(Maybe don’t) give a dog a bone

After discussing onion toxicity and while on the topic of barbecues, I thought I would discuss another problem that we sometimes see with BBQs.  Our dogs love the leftovers and nothing better than chewing the meat and fat off a cooked chop bone or the big eye bone from a large steak.  Yum!

But what happens when the bone is the wrong shape or is accidentally swallowed?  While my recent bone complication was not due to a tiny chop bone, it highlights how much care we need to take when selecting appropriate bones for our dogs to chew on.

Oscar’s Mum didn’t think anything of giving him a big chunky bone to chew on, which normally would probably not cause any problems.  However, this time he managed too get it caught over his lower canine teeth and became quite distressed as he struggled to remove it.  He was promptly brought in to see us and with a little sedation on board, I was able to manipulate the bone and gently remove it off off his lower jaw.  He recovered well without any serious injuries to his jaw, and went home a little groggier but I am sure much happier!

Oscar with a marrow bone stuck on his lower jaw

Oscar with a marrow bone stuck on his lower jaw

In some cases, dogs can get the whole ring wedged over the lower jaw, requiring some heavy duty bone cutters to remove the offending item.

Other issues we see with bones can be a little more life threatening.  When a whole bone is swallowed, it may get caught in the oesophagus, unable to pass through to the stomach.  Once wedged, there is a risk that the pressure of the bone will block the blood flow to the local area of oesophagus, damaging the tissue and causing it to perforate.  An injured oesophagus can be prone to other complications such as stricture where scarring causes a narrowing of the pipe.  More seriously though if the oesophagus does perforate, a nasty and life threatening infection of the chest cavity may develop requiring intensive hospital management with a guarded outcome.

If the bone makes it to the stomach, a cooked bone is unlikely to be digested as the cooking process changes the structure of bone making it less prone to the action of stomach acids.  The bone may then cause a blockage of the stomach outflow into the intestine, or travel down the intestinal tract until it can pass no further, causing an intestinal obstruction.  Again, pressure and loss of blood flow damage the intestinal wall and can perforate the bowel, leading to a septic abdomen.  The resulting complications of intestinal obstruction may be very difficult to treat successfully.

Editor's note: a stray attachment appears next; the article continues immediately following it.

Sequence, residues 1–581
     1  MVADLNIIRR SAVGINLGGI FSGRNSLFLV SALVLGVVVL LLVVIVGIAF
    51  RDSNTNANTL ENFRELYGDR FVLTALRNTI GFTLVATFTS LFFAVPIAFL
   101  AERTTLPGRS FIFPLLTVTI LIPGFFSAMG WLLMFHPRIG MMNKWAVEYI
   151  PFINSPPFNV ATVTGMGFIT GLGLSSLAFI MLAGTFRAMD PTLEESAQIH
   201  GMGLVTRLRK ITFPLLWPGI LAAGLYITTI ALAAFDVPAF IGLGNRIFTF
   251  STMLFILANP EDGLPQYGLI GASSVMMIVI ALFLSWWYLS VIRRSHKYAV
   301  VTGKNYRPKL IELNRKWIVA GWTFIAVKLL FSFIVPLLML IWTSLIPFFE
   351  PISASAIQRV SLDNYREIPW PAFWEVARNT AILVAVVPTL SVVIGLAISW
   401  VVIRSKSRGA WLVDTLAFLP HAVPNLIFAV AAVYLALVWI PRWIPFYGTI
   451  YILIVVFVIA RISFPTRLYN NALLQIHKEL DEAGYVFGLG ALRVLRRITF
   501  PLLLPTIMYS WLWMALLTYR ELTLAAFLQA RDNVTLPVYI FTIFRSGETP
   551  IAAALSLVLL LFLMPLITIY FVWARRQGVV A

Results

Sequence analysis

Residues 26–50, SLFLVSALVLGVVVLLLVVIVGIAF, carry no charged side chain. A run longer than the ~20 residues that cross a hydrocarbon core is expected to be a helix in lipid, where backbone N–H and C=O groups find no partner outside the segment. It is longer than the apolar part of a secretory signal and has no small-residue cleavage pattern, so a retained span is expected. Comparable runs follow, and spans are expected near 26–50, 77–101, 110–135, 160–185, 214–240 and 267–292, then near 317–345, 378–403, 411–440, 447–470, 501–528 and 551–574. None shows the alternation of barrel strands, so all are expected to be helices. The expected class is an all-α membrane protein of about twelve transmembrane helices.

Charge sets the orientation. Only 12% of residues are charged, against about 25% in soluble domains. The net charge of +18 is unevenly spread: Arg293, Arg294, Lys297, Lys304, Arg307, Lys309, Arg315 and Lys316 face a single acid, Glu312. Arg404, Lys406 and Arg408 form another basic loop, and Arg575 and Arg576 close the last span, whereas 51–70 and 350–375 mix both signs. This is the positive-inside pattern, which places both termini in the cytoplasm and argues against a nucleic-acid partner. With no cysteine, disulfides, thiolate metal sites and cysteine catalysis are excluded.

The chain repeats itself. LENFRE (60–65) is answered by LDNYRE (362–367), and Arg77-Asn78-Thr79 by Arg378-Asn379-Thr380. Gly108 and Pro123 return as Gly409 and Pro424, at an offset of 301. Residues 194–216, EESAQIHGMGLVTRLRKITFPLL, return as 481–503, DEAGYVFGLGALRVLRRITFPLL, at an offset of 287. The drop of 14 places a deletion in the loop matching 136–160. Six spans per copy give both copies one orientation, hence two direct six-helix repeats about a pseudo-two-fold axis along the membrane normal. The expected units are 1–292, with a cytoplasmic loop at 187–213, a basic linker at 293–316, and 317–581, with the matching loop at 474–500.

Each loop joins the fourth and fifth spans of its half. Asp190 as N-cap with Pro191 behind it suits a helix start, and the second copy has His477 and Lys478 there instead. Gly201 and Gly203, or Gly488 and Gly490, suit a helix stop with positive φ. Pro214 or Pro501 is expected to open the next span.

Treating animals with obstructions can be very successful if caught early.  In the oesophagus, removal of the bone may be achieved via endoscopy under anaesthetic.  If there has been no significant damage to the oesophagus, the patient often recovers uneventfully though may go home with some medications to help prevent further acid damage to already irritated tissue.  If the bone can not be safely withdrawn from the oesophagus, sometimes it can be pushed through into the stomach from where it can be retrieved through surgery.  Surgery in the abdomen is a lot less complicated then surgery in the chest (to retrieve the bone from the oesophagus), and recovery tends to be less painful.

If the bone is in the small intestine, it may be removed via surgery and may require only an incision into the intestine.  If the bone has been present for some time and there is evidence of damage to the blood flow, a section of the intestine may need to be removed with the bone.  Then healthy intestine can be attached to healthy intestine for a more optimal recovery.

Where your dog has had a good chew of the bone before devouring bone pieces, even if the bone can pass through, it may congeal into hard faecal balls in the colon.  This can happen with too much raw bone as well.  The result may be a painful constipation which then may require an anaesthetic for an enema to help break down and remove the bony chunks.

So is it worth giving our dogs bones then?  Bones can be very beneficial for canine dental management, but think of the dog in the wild.  They don’t eat cooked bones and they often spend more time gnawing on larger meatier bones.  Our domestic friends have lost the ability to be selective in their choice of bones, so it is up to us to be careful about what we offer them and to keep an eye on them while they eat.  If your dog is suspected to have swallowed a whole bone or a large section of bone, it is important to seek veterinary attention urgently, especially if your pet is distressed.  Bones can be bad news!


One thought on “(Maybe don’t) give a dog a bone

  1. Sam Buddy says:

    I can’t imagine being in such a situation! It’s really scary, even just thinking about it. I’m really very particular about the food I feed my dog and with choosing my vet. Another post that I found useful when it comes to pet emergency scares is http://arhvets.com/arh-working-together-to-provide-veterinarian-service/

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